Justice Wood, in the final report of the Royal Commission into the New South Wales Police Service talked about ‘process corruption’ and how changes in culture which overlook due process can become corrosive over time. The importance of checks and balances can range from probity issues of misallocation and the possibility of corruption, to the more day–to–day issues directly affecting individuals, such as their responsibilities and entitlements in their dealings with the Australian Taxation Office, the Department of Social Security, or the Child Support Agency.
From a citizen’s perspective this is good red tape. Bad red tape is that which has been born out of habit, or is designed for the convenience or protection of an agency. Examples of bad red tape in my mind include recorded messages where humans never seem to be available. Another example was the Austudy Actual Means Test Review, which required 280–320 questions on its application form.
I would argue that it is an important part of our democratic society that citizens can ‘challenge’ the state by asking questions about the standards of service review and demand transparency in how the bureaucracy treats them or how decisions are made. The Ombudsman’s Office has the necessary powers and becomes a mechanism by which they can do this.
A repeated criticism of this process is that administrative review has become too expensive.
I compared total Commonwealth outlays for 1995/96 to outlays on the quality control agencies such as the Administrative Appeals Tribunal, the Social Security Appeals Tribunal, the Industrial Relations Tribunal, the Refugee Review Tribunal and the Australian National Audit Office. The bottom line was that about one tenth of one percent of total outlays is spent on such watchdog and review agencies. A small investment, I would argue, for quality control.
It is also in this context that I expressed concern that the budget of the Ombudsman was cut back by some nineteen percent. This was at a time when the office faced a sixty percent increase in demand. As already noted, it is at times of great change in administrative policy and service delivery that the citizen needs a strong ombudsman.
Priorities of an Ombudsman
I would like now to turn to some of the priorities and practical features of the Ombudsman’s Office.
The primary focus of the office relates to individual complaints. The office acts as ‘agency of last resort’. This has always been the case. That is, the office expects people and agencies to try to fix problems directly in the first instance. It provides advice to all complainants but only actively become involved in matters that can’t be resolved through internal complaint procedures.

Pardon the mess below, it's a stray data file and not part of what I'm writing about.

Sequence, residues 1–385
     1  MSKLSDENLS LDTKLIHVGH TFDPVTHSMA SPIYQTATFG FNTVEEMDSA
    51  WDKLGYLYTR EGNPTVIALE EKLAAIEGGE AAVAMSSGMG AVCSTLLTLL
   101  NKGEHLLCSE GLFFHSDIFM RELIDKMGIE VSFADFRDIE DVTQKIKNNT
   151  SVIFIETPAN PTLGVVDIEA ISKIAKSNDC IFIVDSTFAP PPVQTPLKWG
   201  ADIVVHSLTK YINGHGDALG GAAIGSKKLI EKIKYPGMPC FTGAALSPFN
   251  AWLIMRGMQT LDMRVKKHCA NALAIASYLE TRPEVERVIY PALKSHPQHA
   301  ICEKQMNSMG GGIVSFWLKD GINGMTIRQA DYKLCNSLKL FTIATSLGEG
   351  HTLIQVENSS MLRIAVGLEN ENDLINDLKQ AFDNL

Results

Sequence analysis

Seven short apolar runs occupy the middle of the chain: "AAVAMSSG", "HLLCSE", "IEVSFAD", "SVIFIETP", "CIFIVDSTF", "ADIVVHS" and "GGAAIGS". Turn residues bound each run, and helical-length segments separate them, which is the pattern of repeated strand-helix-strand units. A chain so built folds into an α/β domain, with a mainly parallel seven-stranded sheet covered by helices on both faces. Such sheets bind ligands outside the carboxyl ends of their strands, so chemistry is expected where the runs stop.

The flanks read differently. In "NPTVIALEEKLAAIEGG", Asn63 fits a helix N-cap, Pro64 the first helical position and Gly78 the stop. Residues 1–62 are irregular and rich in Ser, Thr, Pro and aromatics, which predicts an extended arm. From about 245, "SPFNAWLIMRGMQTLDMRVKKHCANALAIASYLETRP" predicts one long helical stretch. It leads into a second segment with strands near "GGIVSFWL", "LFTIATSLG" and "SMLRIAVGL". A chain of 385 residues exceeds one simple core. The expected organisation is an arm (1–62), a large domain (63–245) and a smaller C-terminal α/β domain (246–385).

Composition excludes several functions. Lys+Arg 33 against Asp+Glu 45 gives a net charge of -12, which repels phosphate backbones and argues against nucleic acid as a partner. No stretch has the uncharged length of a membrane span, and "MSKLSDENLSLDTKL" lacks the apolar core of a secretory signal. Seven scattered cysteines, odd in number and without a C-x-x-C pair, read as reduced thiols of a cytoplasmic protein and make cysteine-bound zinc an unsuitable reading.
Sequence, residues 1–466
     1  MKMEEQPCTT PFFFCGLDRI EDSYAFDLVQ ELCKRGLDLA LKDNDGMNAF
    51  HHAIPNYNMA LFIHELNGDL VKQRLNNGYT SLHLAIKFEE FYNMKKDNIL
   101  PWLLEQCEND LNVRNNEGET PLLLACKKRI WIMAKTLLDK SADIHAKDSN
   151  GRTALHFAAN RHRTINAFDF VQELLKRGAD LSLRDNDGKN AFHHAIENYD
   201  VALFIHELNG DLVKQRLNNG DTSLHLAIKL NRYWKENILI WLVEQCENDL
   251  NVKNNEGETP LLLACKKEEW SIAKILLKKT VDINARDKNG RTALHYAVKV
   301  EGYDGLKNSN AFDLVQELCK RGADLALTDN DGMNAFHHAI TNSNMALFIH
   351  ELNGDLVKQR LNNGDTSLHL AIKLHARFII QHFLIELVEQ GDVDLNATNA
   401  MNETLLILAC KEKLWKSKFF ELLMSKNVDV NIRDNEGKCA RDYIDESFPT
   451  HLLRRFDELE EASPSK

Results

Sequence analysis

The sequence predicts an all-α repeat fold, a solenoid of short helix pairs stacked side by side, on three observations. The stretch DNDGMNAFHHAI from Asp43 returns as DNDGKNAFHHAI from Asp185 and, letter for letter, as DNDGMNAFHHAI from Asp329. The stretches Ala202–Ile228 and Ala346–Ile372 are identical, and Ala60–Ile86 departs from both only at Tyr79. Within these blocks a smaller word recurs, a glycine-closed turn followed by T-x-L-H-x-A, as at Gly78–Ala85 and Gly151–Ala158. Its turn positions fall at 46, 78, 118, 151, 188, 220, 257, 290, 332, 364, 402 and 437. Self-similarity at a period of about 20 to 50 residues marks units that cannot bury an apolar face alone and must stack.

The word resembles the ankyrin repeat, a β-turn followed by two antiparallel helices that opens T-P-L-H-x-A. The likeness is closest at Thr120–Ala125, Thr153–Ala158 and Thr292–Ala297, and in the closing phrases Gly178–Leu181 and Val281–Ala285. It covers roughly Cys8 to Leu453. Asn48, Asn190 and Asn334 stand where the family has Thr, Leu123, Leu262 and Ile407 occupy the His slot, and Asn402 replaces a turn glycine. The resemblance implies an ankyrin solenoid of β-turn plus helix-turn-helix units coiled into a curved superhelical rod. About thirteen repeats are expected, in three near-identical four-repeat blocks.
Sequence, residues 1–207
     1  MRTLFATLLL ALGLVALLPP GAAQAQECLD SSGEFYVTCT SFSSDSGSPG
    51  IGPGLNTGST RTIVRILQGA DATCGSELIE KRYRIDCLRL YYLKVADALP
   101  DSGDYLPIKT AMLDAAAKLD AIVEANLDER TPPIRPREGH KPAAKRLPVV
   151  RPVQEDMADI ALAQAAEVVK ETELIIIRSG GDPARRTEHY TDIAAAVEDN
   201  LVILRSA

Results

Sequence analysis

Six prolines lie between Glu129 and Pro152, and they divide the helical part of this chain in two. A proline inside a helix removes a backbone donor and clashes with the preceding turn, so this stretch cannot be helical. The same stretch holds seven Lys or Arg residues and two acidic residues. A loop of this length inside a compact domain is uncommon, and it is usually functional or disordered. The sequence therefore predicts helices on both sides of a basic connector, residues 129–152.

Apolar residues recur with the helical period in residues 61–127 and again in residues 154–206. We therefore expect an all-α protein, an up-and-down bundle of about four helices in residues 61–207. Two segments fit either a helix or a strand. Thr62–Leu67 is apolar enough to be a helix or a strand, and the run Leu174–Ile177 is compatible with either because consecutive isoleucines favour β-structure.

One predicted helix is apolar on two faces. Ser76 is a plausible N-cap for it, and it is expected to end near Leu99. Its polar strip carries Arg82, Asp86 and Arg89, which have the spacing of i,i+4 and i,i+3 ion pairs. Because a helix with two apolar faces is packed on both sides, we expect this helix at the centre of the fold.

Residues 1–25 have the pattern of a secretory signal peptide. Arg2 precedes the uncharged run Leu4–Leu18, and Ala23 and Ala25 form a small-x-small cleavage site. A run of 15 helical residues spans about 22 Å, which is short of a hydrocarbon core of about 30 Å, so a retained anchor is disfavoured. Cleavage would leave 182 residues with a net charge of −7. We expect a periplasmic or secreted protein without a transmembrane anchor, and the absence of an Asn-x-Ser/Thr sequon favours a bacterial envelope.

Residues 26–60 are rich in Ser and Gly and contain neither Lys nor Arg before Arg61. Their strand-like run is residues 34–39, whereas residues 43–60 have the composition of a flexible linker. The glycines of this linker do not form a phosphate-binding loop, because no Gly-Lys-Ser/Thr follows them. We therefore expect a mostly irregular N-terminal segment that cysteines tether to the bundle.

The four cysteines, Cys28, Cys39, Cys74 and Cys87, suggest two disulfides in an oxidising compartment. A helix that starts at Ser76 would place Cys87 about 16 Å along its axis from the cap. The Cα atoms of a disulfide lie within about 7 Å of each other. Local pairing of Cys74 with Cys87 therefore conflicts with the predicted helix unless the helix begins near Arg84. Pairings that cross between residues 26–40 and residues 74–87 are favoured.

However, the increased volume of complaints meant that the Office’s discretion rate to not investigate increased from forty to sixty percent while I was Ombudsman. Said another way—the office could only actively investigate forty percent of the complaints coming to it. Our client satisfaction surveys showed that this high discretion rate was starting to undermine the confidence of people coming to the office. If the Ombudsman can’t deal with a significant range of matters and is seen to be just part of the system, this reduces the credibility of the Ombudsman’s Office. They wanted an independent investigation, not just advice and assistance and referral back to say the Australian Taxation Office’s internal complaint mechanisms. Further, our preliminary research indicated that despite our encouragement probably only about fifty percent of people actually did go back to internal complaint structures.
That is of great concern. Internal complaint procedures have a role but they also have the potential of hiding the level of citizen concerns. The standards of such internal complaint procedures are also vital here. In a survey of internal complaints procedures, only twenty percent of agencies had internal complaint handling arrangements which met the Australian standard, and the Ombudsman’s Office has been working with agencies to improve complaint handling.
Apart from the realities of dealing with specific complaints, as Ombudsman I always took the view that complaint prevention should be the priority.
By looking beyond individual complaints, to the pattern of complaints, it is possible to identify the systemic problems causing many complaints. It is also a pragmatic way of dealing with the increasing volume of complaints and the particular access and equity issues raised. Research indicates that for every complaint made perhaps as many as twelve to twenty other people experienced the same problem. The ratio is worse for the disadvantaged or inarticulate who tend not to lodge complaints.